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Frank S. Reynolds

Frank S. Reynolds (completed in 1999)

Frank S. Reynolds


This warehouse was a part of a carriage and farm equipment outlet on the main street of Vernon from 1905 until 1912. The business was operated by Frank S Reynolds- Vernon’s original “Man of Machines.” When Reynolds moved his business across the street, this building became the dreamland theater (today it is the Towne Theater). At the time the picture was taken, staff and an automobile from the Vernon Auto Company were included. The 1st car arrived in Vernon from San Francisco where Judge Spinks purchased it and had it shipped to Vernon. At the time of this photo, automobiles weren’t very popular because they scared the horses and were viewed as a nuisance. But – by 1919 there were several hundred cars on the streets of Vernon. More than half of the cars sold in North America from 1908-1927 were Ford Model-T’s. This simply constructed car was only $600, making it affordable for many families. To get even more value out of their cars, people would use the engine’s power for more than just driving around at the top speed of 64-72 km/h. They would use the motor’s power for various jobs such as hitching up a wheel and attaching it to a belt driven machine, for example to haul hay into a loft.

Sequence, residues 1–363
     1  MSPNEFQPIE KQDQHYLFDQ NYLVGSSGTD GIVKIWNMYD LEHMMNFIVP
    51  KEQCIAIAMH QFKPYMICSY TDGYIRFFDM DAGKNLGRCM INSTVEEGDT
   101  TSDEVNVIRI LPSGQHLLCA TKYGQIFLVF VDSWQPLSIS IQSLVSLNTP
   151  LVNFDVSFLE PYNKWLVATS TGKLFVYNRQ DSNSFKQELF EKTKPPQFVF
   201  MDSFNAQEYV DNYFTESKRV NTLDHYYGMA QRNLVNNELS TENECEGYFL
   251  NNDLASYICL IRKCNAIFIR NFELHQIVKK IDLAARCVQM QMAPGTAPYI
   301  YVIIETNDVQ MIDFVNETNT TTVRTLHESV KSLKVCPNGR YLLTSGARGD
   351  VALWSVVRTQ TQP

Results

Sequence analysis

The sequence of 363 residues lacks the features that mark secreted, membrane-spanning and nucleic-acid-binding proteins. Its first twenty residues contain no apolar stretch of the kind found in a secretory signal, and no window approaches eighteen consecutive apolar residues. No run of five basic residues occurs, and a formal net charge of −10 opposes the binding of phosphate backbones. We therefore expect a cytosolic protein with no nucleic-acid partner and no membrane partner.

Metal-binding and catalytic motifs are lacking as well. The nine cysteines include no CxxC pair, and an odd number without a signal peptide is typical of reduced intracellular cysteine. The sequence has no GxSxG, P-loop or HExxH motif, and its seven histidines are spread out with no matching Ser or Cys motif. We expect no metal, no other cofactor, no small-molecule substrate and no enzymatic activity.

Another interesting detail about the model T was that it relied on Gravity to get its fuel instead of the fuel injection we have today. This meant that if the car was low on gas it couldn’t make it up hills like the steep suicide hill at the top of Main Street (Barnard Avenue). The immediate solution adopted by many was to simply go up hills in reverse until they could get more gas. In Vernon, everybody drove on the left hand side of the road. All motorists in BC drove on the left hand side until 1922. Over time, the automobile grew in popularity, so saddle, carriage and blacksmith businesses, like Reynolds’, closed down. Instead, garages and car dealerships took their place.


The photo on the right of the mural is Reynolds’ family. The original building for the Land and Agricultural Company is where the Bean Scene is today.

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